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Advice proves a successful recipe for Gardner - NZ Racing Desk

Contributor:
Fuseworks Media
Fuseworks Media

Gisborne trainer Mick Gardner was quick to divert the credit for his first success at Woodville on Thursday to prominent Hastings horsemen Paul Nelson.

Gardner (65), who has the distinction of being the only trainer on the Makaraka racecourse, prepared Nedwin to rock punters to the tune of $59.70 when racing away to a two and three-quarter-length win over 1600m in the hands of Jonathan Riddell.

Nedwin was having his seventh start with his best result being a fifth of eight at Wairoa last February before Gardner obtained his owner-trainer’s license and took over his training of the Niagara six-year-old gelding.

Nedwin beat just two horses home first-up over 1600m for Gardner then was a battling seventh over 2100m at Hastings before dropping out to last over 2200m at Awapuni last month. And that’s when Nelson, Gardner’s long-time family friend, offered his valuable advice that worked the oracle.

"Paul has been my chief instructor and he told me I had been over-training him and to cut back on his work," Gardner said. "I did that and slapped a pair of blinkers on him and it worked."

Gardner has been the honorary course manager of the Makaraka course for the past five years and trains Nedwin either on the track or at the beach.

"I’ve got the track to myself and I have been maintaining it," Gardner said. "The (Poverty Bay Turf) Club leases it from LeaderBrand and I keep it grazed in the winter with hoggets. With the grapes growing in the middle, it’s being used, but sadly not for racing. It’s a good track."

It’s a far cry from the days when Gisborne was the source of so many top horses and skilled horse people and race meetings on the course was a highly popular event, both for locals and visitors.

Gardner has spent his life in Poverty Bay, mixing the equestrian field with farming in the hill country for 30-odd years until moving into a 10-acre block of land adjacent to the Makaraka racecourse, which makes it easy access to work Nedwin, whom he races in partnership with his wife, Suzie.

"I had a couple of rides as an amateur rider over 40 years ago, but didn’t do any good," he said. "I remember one of them was for Evan Rayner."

Gardner began training Nedwin on the advice of another highly talented horseman, Simon Wilson, who celebrated his biggest training success last year with Dez in the Gr.3 Winter Cup (1600m) at Riccarton.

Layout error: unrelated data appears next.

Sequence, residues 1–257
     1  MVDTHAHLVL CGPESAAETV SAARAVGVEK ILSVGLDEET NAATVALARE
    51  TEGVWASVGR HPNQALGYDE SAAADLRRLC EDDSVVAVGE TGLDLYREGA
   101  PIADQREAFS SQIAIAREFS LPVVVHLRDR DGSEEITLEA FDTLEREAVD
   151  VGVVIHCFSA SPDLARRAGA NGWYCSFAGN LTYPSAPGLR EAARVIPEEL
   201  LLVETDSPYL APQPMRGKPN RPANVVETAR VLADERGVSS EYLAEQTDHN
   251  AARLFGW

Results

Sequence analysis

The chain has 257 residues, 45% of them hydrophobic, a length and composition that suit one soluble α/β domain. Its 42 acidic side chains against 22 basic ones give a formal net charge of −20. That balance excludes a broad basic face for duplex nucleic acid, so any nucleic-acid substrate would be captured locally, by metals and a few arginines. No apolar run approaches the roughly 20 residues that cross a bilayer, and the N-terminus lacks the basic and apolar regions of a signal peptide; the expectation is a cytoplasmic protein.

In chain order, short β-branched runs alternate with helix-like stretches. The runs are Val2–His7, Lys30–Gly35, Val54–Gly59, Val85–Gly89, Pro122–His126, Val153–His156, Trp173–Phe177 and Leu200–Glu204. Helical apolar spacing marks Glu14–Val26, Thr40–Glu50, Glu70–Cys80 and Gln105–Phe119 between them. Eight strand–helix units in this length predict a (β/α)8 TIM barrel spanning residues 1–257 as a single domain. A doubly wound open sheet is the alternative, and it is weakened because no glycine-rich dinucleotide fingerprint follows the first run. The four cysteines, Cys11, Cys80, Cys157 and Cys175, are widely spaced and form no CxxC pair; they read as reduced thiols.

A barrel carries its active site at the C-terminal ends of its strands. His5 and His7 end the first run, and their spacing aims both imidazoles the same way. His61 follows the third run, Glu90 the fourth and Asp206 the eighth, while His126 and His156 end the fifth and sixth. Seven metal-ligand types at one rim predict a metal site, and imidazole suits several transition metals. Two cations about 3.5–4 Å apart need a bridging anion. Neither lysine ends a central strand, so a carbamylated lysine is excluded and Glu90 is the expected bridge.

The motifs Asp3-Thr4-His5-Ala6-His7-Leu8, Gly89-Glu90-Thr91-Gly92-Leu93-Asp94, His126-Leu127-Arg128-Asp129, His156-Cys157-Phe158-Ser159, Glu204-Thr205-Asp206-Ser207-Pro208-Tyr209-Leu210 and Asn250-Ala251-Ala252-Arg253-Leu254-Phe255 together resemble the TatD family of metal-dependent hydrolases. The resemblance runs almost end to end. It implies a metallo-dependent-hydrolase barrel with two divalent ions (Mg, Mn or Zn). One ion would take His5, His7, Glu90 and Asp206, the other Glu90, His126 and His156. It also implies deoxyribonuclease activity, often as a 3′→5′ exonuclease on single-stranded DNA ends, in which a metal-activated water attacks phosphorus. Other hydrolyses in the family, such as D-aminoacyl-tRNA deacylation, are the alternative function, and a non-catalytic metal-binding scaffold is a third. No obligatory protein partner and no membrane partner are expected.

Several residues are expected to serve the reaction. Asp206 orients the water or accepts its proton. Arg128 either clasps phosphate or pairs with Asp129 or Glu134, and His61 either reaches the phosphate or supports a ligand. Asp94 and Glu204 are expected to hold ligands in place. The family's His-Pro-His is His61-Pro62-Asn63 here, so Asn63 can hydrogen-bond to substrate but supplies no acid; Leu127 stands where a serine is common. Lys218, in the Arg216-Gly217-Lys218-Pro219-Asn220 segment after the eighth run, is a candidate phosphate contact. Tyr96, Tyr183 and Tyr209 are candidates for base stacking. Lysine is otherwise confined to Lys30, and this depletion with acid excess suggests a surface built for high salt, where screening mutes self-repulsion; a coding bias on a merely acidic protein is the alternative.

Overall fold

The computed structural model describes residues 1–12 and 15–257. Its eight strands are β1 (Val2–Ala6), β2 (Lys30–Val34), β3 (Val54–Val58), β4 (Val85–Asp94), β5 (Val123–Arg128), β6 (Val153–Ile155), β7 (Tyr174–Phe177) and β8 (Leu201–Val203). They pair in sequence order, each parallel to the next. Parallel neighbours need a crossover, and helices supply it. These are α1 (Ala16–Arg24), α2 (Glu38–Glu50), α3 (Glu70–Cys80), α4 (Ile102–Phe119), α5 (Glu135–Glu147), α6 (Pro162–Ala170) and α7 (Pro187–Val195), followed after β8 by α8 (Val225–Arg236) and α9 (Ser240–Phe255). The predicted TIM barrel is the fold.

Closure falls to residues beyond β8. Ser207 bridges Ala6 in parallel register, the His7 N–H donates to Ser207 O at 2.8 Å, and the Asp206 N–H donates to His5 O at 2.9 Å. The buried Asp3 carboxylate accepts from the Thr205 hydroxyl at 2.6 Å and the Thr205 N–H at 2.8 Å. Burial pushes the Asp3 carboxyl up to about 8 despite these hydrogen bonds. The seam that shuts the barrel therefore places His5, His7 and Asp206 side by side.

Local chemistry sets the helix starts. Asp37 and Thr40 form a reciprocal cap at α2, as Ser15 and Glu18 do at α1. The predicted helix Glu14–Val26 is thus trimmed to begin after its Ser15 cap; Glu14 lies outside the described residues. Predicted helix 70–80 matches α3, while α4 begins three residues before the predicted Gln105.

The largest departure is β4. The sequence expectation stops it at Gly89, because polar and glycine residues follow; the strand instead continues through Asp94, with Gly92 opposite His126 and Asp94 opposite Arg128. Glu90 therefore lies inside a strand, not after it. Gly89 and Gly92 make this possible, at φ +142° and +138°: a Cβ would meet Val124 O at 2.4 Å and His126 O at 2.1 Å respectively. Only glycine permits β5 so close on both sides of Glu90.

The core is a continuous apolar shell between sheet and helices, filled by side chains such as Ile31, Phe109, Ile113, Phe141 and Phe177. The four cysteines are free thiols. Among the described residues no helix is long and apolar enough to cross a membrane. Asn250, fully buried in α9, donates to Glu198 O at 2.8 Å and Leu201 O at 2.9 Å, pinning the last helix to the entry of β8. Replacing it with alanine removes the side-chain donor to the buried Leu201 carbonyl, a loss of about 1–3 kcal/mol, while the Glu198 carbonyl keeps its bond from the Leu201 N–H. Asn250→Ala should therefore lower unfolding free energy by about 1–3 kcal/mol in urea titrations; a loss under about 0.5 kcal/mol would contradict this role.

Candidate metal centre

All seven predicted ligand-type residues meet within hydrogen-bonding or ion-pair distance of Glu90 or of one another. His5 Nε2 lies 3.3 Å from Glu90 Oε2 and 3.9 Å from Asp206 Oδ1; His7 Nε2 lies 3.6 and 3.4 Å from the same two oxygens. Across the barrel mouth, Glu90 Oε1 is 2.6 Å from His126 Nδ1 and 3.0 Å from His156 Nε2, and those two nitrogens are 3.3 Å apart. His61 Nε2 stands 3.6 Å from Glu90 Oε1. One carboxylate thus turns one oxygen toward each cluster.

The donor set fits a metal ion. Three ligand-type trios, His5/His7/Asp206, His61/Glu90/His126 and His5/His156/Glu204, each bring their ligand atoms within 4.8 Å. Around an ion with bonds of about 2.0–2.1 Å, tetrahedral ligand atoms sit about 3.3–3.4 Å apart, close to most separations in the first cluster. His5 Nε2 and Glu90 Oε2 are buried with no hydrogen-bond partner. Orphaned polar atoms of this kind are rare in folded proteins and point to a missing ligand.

"I had him at the Gisborne show and Simon had a look at him and said I should race him," Gardner said. "I’ve been into show jumping most of my life and I’ve ridden up to World Cup level.

"I’ve known Simon and a lot of the others for many years. Maurice Beatson took one of my horses, Jefferson Junior, to the 1988 Seoul Olympics. "It’s a great community, the jumping scene, and over the years I’ve got to know a lot of people in racing, too. I’ve got no shortage of people to call on for advice."

Gardner’s late father-in-law was Graeme Hansen, a Poverty Bay stalwart who was an international showjumping representative and judge at many prestigious international showjumping events. He was also a member of New Zealand’s first Olympic showjumping team, competing at the 1964 Tokyo Olympics, and was inducted into the 2013 Tairawhiti Legends of Sport Hall of Fame, then in March this year the entire 1964 Olympic equestrian team of four riders was inducted into the Equestrian Sports New Zealand Hall of Fame.

Hansen was extremely passionate about racing and, as well as serving on the committee of the Poverty Bay Turf Club for many years, he enjoyed success as a racehorse owner with his best horse being Whitole, whose nine wins included the Gr.3 Hawke’s Bay Cup (2200m) and the Gr.3 Manawatu Cup (2200m), both in 1985.

"I was the first to gallop Whitole and I remember saying, "Geez, he’s a rough horse," Gardner said. "Tells you what a judge I was then."

Gardner knows Nedwin will never match the deeds of Whitole, but he hopes there are more wins in store.

"I bought him as a jumper," he said. "I took him to the Waverley point-to-point and Aaron Kuru rode him for me and said he could be all right so that gave me a bit of confidence.

"I don’t know where I’ll take him next. Paul just said not to be in a hurry so I’ll take his advice again." 

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